“For the first time ever, ESA has performed a ‘collision avoidance manoeuvre”
In order to improve its national space surveillance and tracking (SST) capability the UK Space Agency has launched a grant of £1 million to fund low cost approaches that will help monitor space junk with AI, or develop creative solutions to clear it from low orbit.
NASA estimates that currently there are more than 23,000 bits of debris larger than 10 centimetres in orbit, while a further 500,000 (ESA estimates this number to be 900,000) bits of debris between 1 and 10 centimetres in diameter are thought to be spinning in orbit.
Only a tiny proportion of this debris is tracked.
A major concern is that if two objects collide in low orbit they would do so at 17,000 mph, in an impact that would spread wreckage into the path of satellites or the International Space Station, causing an extensive debris field that would severely disrupt satellite communication networks and our ability to conduct further space endeavours.
With the new funding organisations can receive a maximum grant of £250,000 (out of a pot of just £1 million) to develop novel solutions that can help clear space debris in an effective low cost manner.
However, the grant is not solely limited to the clearance of space junk: organisations can also bid for funding to develop AI models that help optimise existing orbital data which would help mitigate collision risks.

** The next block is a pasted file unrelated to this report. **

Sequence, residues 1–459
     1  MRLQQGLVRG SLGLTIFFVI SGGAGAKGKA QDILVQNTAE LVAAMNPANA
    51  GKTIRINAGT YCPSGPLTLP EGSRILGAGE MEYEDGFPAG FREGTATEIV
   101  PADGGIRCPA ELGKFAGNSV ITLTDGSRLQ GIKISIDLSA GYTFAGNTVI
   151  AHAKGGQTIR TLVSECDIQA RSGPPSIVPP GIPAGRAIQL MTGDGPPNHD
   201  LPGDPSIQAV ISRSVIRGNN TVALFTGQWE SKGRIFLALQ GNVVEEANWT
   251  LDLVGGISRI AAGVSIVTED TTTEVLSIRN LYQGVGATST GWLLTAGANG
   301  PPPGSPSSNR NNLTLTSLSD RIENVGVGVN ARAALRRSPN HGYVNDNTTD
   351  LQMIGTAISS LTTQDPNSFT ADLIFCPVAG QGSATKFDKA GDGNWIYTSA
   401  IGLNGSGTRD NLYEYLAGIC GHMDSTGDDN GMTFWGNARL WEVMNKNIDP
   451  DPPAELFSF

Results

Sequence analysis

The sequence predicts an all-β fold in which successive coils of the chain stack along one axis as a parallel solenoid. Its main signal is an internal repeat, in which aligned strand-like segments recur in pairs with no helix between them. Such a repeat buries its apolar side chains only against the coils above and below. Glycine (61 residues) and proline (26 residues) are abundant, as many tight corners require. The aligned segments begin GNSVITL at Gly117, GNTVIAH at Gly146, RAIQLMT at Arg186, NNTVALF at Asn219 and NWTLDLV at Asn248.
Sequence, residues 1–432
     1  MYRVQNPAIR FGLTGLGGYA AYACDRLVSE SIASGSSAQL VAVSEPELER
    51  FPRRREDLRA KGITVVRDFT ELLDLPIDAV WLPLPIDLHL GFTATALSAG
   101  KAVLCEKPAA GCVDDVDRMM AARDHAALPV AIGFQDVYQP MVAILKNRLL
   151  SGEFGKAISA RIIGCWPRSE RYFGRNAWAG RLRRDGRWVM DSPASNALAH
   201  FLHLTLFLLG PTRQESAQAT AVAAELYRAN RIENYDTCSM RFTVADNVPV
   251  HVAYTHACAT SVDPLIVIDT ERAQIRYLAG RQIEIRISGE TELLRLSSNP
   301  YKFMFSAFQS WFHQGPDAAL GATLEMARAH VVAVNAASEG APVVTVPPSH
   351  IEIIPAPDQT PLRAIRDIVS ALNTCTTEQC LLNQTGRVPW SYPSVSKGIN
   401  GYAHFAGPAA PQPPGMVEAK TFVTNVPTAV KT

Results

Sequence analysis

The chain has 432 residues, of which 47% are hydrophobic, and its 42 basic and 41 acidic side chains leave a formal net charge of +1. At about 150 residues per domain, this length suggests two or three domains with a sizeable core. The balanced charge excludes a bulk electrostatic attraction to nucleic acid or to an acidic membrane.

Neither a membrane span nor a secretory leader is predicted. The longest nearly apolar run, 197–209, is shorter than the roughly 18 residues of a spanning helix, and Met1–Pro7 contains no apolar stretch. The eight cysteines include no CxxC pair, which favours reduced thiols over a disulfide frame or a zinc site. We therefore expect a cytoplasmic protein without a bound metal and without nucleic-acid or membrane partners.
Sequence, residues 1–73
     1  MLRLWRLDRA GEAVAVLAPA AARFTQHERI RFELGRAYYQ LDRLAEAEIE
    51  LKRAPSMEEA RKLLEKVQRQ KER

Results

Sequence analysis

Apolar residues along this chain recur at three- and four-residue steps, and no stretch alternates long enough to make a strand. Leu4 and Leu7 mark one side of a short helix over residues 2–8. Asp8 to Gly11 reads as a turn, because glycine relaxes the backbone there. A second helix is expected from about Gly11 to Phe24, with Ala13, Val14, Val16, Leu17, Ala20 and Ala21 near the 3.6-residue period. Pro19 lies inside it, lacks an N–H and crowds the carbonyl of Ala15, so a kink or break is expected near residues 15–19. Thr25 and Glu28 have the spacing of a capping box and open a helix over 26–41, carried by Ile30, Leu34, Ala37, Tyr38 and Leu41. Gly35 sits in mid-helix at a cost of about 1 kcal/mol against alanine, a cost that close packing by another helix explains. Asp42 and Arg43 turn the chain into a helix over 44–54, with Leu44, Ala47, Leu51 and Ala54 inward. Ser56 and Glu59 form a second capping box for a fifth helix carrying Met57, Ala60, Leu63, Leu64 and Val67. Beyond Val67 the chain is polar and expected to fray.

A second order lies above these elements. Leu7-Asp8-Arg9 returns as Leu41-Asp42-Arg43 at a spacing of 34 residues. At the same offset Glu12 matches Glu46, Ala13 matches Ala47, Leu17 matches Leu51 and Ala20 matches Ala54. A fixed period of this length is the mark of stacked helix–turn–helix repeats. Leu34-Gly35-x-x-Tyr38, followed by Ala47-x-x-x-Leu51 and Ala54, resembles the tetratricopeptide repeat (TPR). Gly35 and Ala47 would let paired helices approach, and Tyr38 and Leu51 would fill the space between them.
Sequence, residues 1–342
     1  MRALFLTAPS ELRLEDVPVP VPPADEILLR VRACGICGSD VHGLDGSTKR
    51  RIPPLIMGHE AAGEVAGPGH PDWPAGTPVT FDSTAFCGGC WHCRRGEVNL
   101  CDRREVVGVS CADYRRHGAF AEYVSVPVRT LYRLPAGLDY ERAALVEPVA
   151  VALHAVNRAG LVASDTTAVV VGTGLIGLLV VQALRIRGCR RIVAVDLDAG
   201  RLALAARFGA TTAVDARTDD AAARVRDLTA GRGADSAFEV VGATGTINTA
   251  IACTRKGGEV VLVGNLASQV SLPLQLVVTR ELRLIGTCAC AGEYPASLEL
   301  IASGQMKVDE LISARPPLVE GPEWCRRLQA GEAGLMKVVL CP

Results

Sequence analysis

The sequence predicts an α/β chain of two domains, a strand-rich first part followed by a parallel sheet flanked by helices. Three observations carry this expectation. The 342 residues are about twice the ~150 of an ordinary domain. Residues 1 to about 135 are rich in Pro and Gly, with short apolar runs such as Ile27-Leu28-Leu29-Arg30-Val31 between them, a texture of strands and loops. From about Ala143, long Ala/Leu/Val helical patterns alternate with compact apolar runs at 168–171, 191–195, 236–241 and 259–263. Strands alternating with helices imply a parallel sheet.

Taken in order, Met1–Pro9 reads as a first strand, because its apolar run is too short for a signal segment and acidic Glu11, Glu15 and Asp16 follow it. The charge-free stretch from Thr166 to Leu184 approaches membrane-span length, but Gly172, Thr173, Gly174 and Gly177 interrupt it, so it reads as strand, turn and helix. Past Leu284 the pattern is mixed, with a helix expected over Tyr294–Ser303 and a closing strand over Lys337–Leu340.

The grant is designed to increase the UK’s foothold in the space market. As the UK Space Agency states: “SST is a growing market with the current forecast potentially expected to reach over £100 million by 2035. With the demand for SST increasing, this provides an opportunity for the UK space industry to take a leading role in the sector.”
Dr Alice Bunn international director of the UK Space Agency commented that: “We want the UK to be at the forefront of a new era of space where we continue to push boundaries while ensuring the growth is sustainable for all. Space debris is a global problem and this funding will enable UK companies to develop new methods to help tackle the issue. Growing our space surveillance and tracking capabilities will be crucial for UK space businesses to innovate.”
The scheme started today with a July 10, 2020 deadline for submissions.
Low Orbit Filling With Space Junk
Low orbit satellites operate within an altitude of 1,200 miles or less. In recent years it has gotten significantly cheaper to launch and maintain small communication or science based satellites within this orbit. A multitude of firms and countries are launching constellations into low orbit resulting in a congested pathways.
Last year for the ’first time ever’ the European Space Agency had to take quick action in order to stop one of its satellites being taken out by a SpaceX Starlink satellite.
— ESA Operations (@esaoperations) September 2, 2019
SpaceX’s internet connectivity delivery satellite constellation Starlink currently has 120 low-orbit satellites in place, with SpaceX planning to launch thousands more in the coming years. The firm’s Starlink constellation has already come under fire from astronomers around the world as it is clearly visible even at this nascent stage of its deployment.
Wow!! I am in shock!! The huge amount of Starlink satellites crossed our skies tonight at @cerrotololo. Our DECam exposure was heavily affected by 19 of them! The train of Starlink satellites lasted for over 5 minutes!! Rather depressing… This is not cool! pic.twitter.com/gK0ekbpLJe
— Clara Martínez-Vázquez (@ClaraMarvaz) November 18, 2019